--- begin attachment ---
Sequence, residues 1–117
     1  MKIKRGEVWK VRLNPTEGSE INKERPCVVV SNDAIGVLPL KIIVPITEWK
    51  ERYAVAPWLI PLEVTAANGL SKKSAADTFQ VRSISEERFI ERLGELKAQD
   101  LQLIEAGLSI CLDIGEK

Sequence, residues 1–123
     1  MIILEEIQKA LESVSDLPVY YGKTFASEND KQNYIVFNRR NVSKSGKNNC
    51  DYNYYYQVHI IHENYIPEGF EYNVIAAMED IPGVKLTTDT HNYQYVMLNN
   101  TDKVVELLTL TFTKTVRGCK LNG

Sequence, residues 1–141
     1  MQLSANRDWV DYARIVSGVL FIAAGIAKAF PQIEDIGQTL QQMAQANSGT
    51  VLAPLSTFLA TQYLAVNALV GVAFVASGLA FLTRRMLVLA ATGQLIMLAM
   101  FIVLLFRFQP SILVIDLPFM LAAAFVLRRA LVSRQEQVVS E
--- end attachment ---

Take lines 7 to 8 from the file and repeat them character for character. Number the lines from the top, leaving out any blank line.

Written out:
    51  DYNYYYQVHI IHENYIPEGF EYNVIAAMED IPGVKLTTDT HNYQYVMLNN
   101  TDKVVELLTL TFTKTVRGCK LNG